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The Separation Of Benign And Malignant Mesothelial Proliferations

Andrew Churg, Francoise Galateau-Salle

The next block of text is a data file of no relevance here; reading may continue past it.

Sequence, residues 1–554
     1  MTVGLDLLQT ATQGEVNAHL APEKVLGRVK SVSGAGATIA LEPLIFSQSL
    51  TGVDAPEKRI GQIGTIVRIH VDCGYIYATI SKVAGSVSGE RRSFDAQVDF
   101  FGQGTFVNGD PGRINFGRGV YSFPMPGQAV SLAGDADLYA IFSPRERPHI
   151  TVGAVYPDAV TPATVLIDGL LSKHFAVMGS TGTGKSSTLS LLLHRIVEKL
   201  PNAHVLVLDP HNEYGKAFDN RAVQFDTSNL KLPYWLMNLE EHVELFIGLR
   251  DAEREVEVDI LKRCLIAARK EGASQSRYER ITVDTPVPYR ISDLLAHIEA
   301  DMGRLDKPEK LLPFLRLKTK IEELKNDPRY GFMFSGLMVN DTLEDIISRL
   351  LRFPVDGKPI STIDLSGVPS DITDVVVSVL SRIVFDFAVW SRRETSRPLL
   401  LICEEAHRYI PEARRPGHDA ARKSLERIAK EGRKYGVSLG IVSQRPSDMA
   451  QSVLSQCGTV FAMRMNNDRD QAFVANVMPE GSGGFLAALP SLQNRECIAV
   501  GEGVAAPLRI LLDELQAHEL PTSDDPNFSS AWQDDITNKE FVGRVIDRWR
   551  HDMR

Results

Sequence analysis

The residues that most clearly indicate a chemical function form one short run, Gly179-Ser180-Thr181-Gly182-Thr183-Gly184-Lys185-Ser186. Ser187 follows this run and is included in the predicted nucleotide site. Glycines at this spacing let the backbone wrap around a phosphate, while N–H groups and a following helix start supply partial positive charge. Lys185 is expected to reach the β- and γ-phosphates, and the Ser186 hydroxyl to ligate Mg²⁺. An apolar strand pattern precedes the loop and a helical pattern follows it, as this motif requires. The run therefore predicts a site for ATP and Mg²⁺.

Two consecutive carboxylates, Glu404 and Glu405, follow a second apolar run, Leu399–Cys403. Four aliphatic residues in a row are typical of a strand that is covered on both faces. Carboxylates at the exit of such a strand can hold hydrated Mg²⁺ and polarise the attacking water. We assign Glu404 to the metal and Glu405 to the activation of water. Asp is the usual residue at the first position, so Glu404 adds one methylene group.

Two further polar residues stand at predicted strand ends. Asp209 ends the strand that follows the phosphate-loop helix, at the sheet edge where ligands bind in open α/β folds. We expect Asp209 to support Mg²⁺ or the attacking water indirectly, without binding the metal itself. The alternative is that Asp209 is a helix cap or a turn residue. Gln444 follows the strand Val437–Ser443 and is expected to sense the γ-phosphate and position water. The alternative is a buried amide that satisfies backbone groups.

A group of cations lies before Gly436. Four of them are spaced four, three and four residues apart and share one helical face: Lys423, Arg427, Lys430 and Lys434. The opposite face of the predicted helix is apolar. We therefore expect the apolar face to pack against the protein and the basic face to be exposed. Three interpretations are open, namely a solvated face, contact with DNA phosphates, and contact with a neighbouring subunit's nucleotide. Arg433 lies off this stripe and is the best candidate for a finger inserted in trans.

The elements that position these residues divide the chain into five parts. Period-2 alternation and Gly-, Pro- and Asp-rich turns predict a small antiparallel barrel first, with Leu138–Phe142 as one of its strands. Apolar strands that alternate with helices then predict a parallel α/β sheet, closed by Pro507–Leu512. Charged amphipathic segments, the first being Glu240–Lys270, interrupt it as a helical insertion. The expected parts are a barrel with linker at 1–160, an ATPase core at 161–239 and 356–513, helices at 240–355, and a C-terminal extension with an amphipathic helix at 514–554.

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Context.—The separation of benign from malignant mesothelial proliferations is crucial to patient management but is often a difficult problem for the pathologist. Objective.—To review the pathologic features that allow separation of benign from malignant mesothelioma proliferations, with an emphasis on new findings. Data Sources.—Literature review and experience of the authors. Conclusions.—Invasion is still the most reliable indicator of malignancy. The distribution and amount of proliferating mesothelial cells are important in separating benignity from malignancy, and keratin stains can be valuable because they highlight the distribution of mesothelial cells. Hematoxylin-eosin examination remains the gold standard, and the role of immunochemistry is extremely controversial; we believe that at present there is no reliable immunohistochemical marker of malignancy in this setting. Mesothelioma in situ is a diagnosis that currently cannot be accurately made by any type of histologic examination. Desmoplastic mesotheliomas are characterized by downward growth of keratin-positive spindled cells between S100-positive fat cells; some cases of organizing pleuritis can mimic involvement of fat, but these fatlike spaces are really S100-negative artifacts aligned parallel to the pleural surface. Fluorescence in situ hybridization on tissue sections to look for homozygous p16 gene deletions is occasionally useful, but many mesotheliomas do not show homozygous p16 deletions. Equivocal biopsy specimens should be diagnosed as atypical mesothelial hyperplasia and another biopsy requested if the clinicians believe the process is malignant.